That's an example of what makes Dawson's Creek believable, despite the unrealistic vocabularies the kids had. These are very intelligent kids who have a very strong sense of right and wrong, but they still keep getting confused as to what they should do, such as Joey not knowing how she should go about showing Dawson that she is in love with him. They have all these complex emotions, but because they're teenagers, they don't know how to act on those emotions.

    That's something Dawson's Creek was very good at doing - looking at how kids deal with the new emotions they're experiencing at that age. While I did like Beverley Hills and it was fun, it could be very superficial. When it came to dealing with their emotions - it didn't go too deep - it was very surface level. I really enjoy a show like Dawson's Creek that goes beyond that surface level and takes a much deeper look at the emotions the kids are feeling and their uncertainty (because of their age) on how to act on these emotions they're feeling for the first time.

    I really like that Dawson's Creek goes beyond the surface level and goes deep. I believe it had more substance than Beverly Hills 90210. I found myself caring more about what happened to the characters than I did in Beverly Hills 90210. That's why I believe that, of the two shows, Dawson's Creek was the better quality show.

    As for kids watching it, I think Dawson's Creek is better for them because it shows that it's alright to feel confused and vulnerable, that it is difficult to know how to act on the new feelings you have at that age. It shows that yes, there will be heartbreak, and you don't always get over that quickly or easily. I think Dawson's Creek offers kids more substance overall. That's the best way I can say it - Dawson's Creek goes beyond the surface of what the kids are feeling and takes things to a much deeper, more interesting and satisfying level.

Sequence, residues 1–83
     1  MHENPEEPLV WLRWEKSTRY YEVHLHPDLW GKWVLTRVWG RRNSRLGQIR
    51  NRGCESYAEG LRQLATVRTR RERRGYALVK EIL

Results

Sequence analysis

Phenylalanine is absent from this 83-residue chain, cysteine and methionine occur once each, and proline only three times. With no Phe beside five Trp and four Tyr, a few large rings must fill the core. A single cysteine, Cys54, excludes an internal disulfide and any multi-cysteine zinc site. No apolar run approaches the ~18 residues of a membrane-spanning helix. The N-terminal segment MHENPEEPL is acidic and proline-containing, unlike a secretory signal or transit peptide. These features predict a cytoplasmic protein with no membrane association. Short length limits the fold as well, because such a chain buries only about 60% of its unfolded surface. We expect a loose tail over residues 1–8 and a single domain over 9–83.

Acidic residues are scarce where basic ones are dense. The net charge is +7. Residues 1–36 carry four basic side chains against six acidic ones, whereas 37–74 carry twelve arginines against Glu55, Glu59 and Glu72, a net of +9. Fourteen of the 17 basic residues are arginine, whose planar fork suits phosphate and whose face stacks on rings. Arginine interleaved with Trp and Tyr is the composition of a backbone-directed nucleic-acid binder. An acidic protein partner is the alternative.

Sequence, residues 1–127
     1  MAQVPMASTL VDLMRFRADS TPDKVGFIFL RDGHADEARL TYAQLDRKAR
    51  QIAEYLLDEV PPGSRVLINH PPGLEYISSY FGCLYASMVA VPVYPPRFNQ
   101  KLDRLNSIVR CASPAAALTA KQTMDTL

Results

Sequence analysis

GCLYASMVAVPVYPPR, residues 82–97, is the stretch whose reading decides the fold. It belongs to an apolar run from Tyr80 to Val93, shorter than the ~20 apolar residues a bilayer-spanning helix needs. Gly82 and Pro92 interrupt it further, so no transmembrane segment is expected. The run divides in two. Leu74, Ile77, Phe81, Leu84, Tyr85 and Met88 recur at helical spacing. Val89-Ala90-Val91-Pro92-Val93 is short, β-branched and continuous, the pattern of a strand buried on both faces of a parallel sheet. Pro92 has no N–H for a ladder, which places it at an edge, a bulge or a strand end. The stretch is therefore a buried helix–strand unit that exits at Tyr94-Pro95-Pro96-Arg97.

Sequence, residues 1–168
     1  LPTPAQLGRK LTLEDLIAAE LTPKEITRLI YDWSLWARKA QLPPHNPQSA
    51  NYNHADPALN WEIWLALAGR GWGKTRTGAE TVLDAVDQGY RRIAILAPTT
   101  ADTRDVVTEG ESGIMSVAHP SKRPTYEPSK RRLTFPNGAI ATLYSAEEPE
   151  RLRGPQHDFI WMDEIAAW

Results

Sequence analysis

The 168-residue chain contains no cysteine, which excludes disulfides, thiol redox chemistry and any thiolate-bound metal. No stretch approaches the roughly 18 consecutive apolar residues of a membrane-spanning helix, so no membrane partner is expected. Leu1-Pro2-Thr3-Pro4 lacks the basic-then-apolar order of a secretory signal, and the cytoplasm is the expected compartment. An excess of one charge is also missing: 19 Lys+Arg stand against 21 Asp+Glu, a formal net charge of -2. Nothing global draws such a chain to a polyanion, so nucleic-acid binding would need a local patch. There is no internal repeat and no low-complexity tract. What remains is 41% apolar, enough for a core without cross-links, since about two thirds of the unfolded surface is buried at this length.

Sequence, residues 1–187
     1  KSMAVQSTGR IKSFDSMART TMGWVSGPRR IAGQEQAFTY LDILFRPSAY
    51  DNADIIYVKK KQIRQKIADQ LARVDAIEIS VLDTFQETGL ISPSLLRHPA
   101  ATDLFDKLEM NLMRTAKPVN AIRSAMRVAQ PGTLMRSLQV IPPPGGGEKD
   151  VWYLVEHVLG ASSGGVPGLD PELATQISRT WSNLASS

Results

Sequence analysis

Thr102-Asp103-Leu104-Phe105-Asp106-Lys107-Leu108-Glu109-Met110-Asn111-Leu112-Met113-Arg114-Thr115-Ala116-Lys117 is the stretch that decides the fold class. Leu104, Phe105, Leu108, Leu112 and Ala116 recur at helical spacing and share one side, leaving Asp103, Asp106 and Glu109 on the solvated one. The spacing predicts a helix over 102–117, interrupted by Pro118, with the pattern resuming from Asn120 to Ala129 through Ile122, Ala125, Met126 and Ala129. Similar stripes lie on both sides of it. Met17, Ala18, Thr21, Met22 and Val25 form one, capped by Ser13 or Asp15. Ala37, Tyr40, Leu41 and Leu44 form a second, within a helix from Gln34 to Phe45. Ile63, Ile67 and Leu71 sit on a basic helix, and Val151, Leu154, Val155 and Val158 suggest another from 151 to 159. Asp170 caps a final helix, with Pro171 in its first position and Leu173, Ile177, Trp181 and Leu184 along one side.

Last edited: Dec 19, 2019
  8. ABrown

    ABrown Soap Chat Member EXP: 2 Years

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    Fun fact: the 90210 gang were actually juniors during each of the first two seasons of the show. The characters (asides for David and Scott) were originally supposed to be Juniors during the first season. Then, when the second season started, the creators made sure that no one ever mentioned what grade that they were in, so that they could squeeze in an additional year of high school. In 1992, when season three began, Steve made a joke "could you imagine, being Juniors AGAIN", sort of making fun of the fact that the characters had two Junior years of high school.
     
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  9. ArchieLucasCarringtonEwing1989

    ArchieLucasCarringtonEwing1989 Soap Chat Addict EXP: 9 Years

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    To be honest I’ve only ever liked the “Brenda Years” of 90210, the show was much better when she & Dylan were the main characters, they were pretty much the breakout characters.

    However I do like some of the Valerie years as Val was the only exciting character post 1994/95.

    The issue I have with the last six years was the constant focus on Kelly, she had to be involved in every storyline going and it got ridiculous.

    I’ve always felt that One Tree Hill was the natural heir to 90210, Dawson’s was great but seriously those 15 year olds acted like they were 30 year olds it was hilarious.
     
  10. ABrown

    ABrown Soap Chat Member EXP: 2 Years

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    I've always said that the show was by far at its best when it featured Luke Perry/Dylan. The Brenda years were great because much of the plot was revolved around Dylan. The show was a lot more entertaining when a plot like Steve and the legacy was the secondary story to the whole Brenda/Dylan/Kelly love triangle. When Luke Perry left the show in the sixth season, I found the show to be very boring until he returned in the ninth season.